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The Spectacular Zico mesmerises young students

Thursday, May 24, 2018

The thought of entering secondary school can be daunting for some children. Adjustments have to made to a new environment, marking an entirely fresh chapter in their lives. The journey through secondary school will, in some instances, be bumpy, filled with trials and tribulations. And at times they will be faced with negative factors including peer pressure and bullying.

With the stressful Secondary Entrance Assessment (SEA) finally over for some 19,000 pupils, secondary school however, is just around the corner. To equip them to properly handle life stresses, family theatre producer/director and veteran actor Fareid Carvalho showcased his hit play The Spectacular Zico, on Tuesday at Queen’s Hall, Port-of- Spain.

Scores of excited students who attended described it as “fantastic,” “entertaining,” and “a good guide not only to secondary school but life generally.”

Joanne Romany, teacher at Briggs Pre School, urged that the show is “a must.”

She noted: “It’s one with sound family and educational values. It teaches about being kind, having respect for each other and for animals and the value of true friendship.”

One primary school pupil, who gave her name as Sarah, said the characters transported her into a magical world.

“During my preparation for SEA I hardly got any time to relax. It was all about work and sacrifice.

“After seeing the play I felt inspired because I am into chorale speaking and I would like to pursue drama in secondary school. I think drama has a whole world of opportunities which are not explored,” she added.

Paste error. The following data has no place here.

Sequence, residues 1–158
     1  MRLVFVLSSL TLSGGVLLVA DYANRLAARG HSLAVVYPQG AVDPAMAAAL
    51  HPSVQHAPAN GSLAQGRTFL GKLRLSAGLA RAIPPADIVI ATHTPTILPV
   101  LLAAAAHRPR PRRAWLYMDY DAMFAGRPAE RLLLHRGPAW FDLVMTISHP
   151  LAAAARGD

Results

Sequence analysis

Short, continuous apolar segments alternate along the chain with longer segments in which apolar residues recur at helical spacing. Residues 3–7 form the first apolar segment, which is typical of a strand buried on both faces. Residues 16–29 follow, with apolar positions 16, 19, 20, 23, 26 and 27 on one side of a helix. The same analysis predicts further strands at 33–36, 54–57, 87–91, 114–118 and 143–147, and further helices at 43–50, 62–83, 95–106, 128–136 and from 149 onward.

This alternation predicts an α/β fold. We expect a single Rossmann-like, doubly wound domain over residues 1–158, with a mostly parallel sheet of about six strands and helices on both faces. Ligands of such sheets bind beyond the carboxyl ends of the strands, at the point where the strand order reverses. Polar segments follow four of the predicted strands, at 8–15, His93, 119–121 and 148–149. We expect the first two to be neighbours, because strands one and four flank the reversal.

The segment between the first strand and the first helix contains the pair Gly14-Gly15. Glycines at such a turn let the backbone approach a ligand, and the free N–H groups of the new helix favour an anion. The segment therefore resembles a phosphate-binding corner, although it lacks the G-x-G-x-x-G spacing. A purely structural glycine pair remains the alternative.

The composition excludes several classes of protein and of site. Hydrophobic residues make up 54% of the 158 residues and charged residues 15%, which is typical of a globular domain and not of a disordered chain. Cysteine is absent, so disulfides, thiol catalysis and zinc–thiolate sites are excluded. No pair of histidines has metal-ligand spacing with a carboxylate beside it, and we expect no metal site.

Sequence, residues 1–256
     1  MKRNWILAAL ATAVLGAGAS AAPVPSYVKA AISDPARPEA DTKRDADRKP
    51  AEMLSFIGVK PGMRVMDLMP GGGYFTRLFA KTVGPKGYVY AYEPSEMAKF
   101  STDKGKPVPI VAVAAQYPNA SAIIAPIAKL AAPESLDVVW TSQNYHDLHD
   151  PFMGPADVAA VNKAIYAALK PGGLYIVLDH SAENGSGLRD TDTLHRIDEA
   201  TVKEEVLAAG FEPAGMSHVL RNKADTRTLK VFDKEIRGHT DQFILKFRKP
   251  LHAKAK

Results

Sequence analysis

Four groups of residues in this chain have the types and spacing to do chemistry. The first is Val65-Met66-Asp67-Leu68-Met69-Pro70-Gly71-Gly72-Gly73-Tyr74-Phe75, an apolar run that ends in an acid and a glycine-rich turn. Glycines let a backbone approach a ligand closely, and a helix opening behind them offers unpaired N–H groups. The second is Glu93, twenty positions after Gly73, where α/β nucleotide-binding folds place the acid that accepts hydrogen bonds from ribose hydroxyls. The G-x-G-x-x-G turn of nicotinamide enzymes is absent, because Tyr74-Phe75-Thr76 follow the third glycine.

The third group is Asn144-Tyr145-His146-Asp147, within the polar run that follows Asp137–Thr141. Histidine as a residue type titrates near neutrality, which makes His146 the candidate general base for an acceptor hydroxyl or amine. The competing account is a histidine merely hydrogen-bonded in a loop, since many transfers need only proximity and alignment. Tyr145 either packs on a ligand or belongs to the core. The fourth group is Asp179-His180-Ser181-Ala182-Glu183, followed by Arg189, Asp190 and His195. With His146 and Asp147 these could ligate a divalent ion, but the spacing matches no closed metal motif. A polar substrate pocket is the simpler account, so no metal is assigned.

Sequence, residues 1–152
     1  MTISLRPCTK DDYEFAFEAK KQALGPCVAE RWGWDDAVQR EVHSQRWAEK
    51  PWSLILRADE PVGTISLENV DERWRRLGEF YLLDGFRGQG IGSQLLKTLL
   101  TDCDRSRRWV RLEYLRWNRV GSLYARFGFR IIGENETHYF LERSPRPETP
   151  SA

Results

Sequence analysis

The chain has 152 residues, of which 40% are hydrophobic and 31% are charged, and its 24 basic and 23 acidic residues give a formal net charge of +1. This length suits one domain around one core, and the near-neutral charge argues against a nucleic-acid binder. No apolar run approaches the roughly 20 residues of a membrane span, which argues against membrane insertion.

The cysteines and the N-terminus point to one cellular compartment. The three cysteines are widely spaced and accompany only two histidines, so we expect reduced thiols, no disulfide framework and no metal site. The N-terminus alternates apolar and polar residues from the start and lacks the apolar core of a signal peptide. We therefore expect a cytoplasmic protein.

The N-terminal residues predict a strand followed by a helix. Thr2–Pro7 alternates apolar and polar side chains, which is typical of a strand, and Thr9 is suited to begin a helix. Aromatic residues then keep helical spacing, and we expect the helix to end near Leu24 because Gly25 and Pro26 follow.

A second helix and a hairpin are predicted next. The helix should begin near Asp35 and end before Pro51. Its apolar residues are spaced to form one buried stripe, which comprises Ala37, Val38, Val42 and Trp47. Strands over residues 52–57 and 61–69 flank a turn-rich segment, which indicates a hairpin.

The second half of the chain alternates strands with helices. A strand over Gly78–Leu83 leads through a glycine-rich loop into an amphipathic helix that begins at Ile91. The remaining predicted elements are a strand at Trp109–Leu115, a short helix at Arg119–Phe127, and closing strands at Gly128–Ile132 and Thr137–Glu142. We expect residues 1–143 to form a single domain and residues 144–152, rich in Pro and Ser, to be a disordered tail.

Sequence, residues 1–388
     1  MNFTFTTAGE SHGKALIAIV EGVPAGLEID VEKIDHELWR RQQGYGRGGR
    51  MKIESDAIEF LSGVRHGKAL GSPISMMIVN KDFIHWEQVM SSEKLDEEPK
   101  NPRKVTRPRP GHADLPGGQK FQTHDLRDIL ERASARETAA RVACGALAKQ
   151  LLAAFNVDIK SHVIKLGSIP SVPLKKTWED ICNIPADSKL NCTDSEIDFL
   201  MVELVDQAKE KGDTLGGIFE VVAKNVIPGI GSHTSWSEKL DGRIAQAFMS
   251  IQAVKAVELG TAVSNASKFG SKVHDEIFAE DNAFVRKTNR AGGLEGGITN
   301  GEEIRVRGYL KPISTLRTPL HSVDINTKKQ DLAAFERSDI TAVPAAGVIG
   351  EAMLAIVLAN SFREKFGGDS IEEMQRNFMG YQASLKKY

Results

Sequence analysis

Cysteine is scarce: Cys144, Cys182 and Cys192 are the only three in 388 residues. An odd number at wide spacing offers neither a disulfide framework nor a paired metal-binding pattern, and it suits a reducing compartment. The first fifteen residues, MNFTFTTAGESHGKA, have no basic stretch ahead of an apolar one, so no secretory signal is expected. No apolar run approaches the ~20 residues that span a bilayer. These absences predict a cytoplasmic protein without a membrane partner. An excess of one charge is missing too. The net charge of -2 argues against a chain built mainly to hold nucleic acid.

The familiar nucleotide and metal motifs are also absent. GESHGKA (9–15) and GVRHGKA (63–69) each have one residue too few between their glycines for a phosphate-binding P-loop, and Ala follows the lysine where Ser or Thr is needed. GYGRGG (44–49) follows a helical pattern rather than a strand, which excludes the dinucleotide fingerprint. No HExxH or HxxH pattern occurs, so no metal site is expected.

Aaron Huggins, of the San Juan South Secondary, shared sillier sentiments, urging that pupils ought to be exposed to the arts from an early age.

“The play is about having good manners and respecting your elders. Drama can be used to teach subjects and get children more involved in their school work.

“Sometimes school life can become tedious like maths which can become difficult. Drama is a good means to get children involved in subjects like English,” Huggins said.

Zico Returns, chronicles difficult decisions that most children encounter in growing up. It deals with family life and the struggles of a single-parent home facing adversity. It also focuses on the power of love and friendship and respecting both humans and animals.

The initial play, Zico was shown a couple of weeks before the SEA exam on May 4.

Not wanting those pupils to miss out, Carvalho held another showing, hence Zico Returns.

“My first show was two weeks before SEA and I knew those preparing could not attend. Since then I have been bombarded by principals to bring back the play,” Carvalho said.

But moreso he believes that drama is a medium which needs to be properly tapped into.

“The theatre industry is dynamic and its a pity many fail to recognise that. We need to expose the younger generation to the theatre world and all the endless possibility it holds,” Carvalho urged.

For the past 17 years Carvalho’s plays have been much sought after by schools.

“Sacred Heart Girls’ bought 800 tickets for the last showing.

In each of the plays I incorporate values and morals and it’s done in a setting where children can relate.

“If a teacher says, ‘Stay in school or do your home work’, students don’t really take them on but if a magical character says the same thing including not to join a gang, they listen,” Carvalho said.

He bemoaned the fact that space was a problem in hosting large productions. If this can be addressed it will be a boost for the theatre industry.

He has also worked with private and Government agencies in raising awareness regarding issues affecting children and was the figure behind producing the Ministry’s of Health “Fight the Fat Campaign.”

Zico Returns runs until today, May 24, at Queen’s Hall with 9.30 am and 1 pm shows.


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